Bicycle Safety Guide and Countermeasure Selection System


Adding medians and consolidating driveways to manage access. Illustration by Michele Weisbart, Model Design Manual for Living Streets

Illustration from Oregon Bicycle and Pedestrian Design Guide, Oregon DOT Driveways built like intersections encourage high-speed turns.
Illustration from Oregon Bicycle and Pedestrian Design Guide, Oregon DOT


Illustration from Oregon Bicycle and Pedestrian Design Guide, Oregon DOT Driveways built like driveways encourage low-speed turns and encourage motorists to yield to pedestrians.
Illustration from Oregon Bicycle and Pedestrian Design Guide, Oregon DOT



Driveway Improvements

Consideration for bicyclists' needs should cover from the trip origin to the destination. Every driveway and street connection is a potential conflict point among motorists, bicyclists, and pedestrians. Therefore, managing the number, spacing, access, directional flow, and other aspects of driveway and side street connections protects those traveling along the corridor from conflicts with those entering or leaving the corridor.

Driveway design affects sight distance for both motorists and bicyclists accessing roadways, as well as the speed and perhaps care with which drivers enter or leave the roadway. Several driveway design characteristics may cause safety and access problems for bicyclists, including driveways with large turning radii, multiple adjacent driveways, driveways that are not well defined, and driveways where motorist attention is focused on finding a gap in congested traffic.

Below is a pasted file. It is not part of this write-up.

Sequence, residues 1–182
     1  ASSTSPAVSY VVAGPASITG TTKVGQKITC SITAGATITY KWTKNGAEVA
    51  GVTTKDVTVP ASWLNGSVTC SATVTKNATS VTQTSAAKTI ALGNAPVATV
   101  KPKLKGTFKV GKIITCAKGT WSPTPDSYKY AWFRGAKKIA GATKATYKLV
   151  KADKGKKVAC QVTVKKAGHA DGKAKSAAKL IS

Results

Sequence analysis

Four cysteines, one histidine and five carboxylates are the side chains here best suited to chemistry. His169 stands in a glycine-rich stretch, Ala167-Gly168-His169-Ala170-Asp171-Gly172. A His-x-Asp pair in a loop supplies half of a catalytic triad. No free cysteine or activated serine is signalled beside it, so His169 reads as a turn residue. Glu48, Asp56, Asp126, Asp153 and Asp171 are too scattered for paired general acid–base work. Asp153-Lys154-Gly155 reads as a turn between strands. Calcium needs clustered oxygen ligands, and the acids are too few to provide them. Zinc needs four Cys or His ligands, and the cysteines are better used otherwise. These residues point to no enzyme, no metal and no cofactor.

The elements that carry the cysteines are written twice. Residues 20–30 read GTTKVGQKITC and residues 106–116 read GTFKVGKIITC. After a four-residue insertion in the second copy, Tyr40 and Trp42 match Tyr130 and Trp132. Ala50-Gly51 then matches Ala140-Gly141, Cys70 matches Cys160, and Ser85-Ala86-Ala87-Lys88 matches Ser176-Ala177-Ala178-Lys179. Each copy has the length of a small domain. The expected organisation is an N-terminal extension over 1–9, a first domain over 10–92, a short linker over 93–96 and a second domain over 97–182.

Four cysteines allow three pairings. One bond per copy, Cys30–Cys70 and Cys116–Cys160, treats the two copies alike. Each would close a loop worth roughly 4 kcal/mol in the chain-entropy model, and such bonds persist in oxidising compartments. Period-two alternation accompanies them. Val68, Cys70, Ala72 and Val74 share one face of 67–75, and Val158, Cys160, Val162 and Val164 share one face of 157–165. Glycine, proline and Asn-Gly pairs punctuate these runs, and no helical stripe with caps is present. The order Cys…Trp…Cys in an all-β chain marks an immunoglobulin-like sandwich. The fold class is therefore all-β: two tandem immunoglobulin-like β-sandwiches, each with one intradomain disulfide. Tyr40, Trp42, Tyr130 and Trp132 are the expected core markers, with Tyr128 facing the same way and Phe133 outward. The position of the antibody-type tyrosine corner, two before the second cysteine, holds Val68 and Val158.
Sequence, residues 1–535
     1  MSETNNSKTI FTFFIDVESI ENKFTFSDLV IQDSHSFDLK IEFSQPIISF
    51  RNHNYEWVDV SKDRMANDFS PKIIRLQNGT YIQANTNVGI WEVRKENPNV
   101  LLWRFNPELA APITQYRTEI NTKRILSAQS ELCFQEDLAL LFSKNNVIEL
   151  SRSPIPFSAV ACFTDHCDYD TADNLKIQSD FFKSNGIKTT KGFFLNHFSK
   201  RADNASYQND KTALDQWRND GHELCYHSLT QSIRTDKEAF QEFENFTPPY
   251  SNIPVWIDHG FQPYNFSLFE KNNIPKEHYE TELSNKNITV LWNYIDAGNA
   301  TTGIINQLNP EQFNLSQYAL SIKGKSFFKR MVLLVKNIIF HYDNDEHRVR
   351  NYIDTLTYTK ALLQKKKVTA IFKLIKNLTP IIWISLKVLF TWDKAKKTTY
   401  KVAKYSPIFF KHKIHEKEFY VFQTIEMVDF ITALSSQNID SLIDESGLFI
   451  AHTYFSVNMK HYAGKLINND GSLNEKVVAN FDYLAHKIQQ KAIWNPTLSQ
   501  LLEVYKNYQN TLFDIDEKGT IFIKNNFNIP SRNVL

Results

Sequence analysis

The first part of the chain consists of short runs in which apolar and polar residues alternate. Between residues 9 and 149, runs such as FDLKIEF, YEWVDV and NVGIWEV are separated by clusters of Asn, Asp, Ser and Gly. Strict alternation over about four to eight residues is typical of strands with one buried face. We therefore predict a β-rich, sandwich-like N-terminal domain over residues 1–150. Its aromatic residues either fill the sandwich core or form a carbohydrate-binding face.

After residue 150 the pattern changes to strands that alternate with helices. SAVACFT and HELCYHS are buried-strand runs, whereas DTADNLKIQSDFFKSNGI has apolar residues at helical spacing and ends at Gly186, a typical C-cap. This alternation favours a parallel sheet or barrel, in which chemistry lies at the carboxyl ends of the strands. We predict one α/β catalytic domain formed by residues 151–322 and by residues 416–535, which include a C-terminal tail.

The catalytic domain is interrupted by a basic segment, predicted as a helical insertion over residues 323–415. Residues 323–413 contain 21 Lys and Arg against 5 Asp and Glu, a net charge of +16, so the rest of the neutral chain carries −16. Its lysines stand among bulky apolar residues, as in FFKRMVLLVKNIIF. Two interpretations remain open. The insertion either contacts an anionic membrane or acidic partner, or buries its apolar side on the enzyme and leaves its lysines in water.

Examples of driveway improvements include narrowing driveways, tightening turning radii, and improving driveway definition. Smaller driveway radii of 15 to 20 feet are most compatible with bicyclist movements because motorists have to slow down to complete the turn. However, the presence of on-street parking and bike lanes can increase the effective driveway radius, so care should be taken to consider these factors when selecting a radius.

Closing (consolidating) driveways or converting driveways to right-in-right-out are additional design strategies to reduce the number of conflict points with bicyclists. The trade-off is between providing direct access and promoting through movement. For example, the main purpose of freeways and arterials is to move through traffic, and access should be restricted to necessary interchanges. Local streets should generally serve all destinations and access should not be limited.

Stop bars, signs, and other measures may be useful at commercial driveways, but sight distance should not be impaired with too many or improperly-placed signs. Driveway rights-of-way should also be kept cleared of foliage and other objects that obscure visibility.


Driveway improvements provide good visibility for motorists and bicyclists accessing the roadway and reduce conflicts between those traveling along the corridor and those entering or leaving the corridor. They slow motor vehicles entering/exiting the roadway and establish pedestrian right-of-way. They also reduce the chances of a bicycle-only fall or turning error when bicycles enter or leave the roadway.


  • Local landscape ordinances and other driveway guidelines may be needed to establish clear zones for driveway rights-of-way, and to maintain sight distance and roadway surfaces.
  • Driveway crossings of sidewalk corridors should be wide enough to provide a level pedestrian crossing and a suitable ramp to the street.
  • Consider whether the street's intended function is primarily to move through vehicles (freeways, arterials, collectors) or to provide direct access (neighborhood and local streets).
  • Providing for free-flow of traffic by reducing connections may result in increased travel speeds.

Estimated Cost

No additional costs when incorporated into original plan and construction.


To view references for this countermeasure group click here.

Case Studies

Seattle, Washington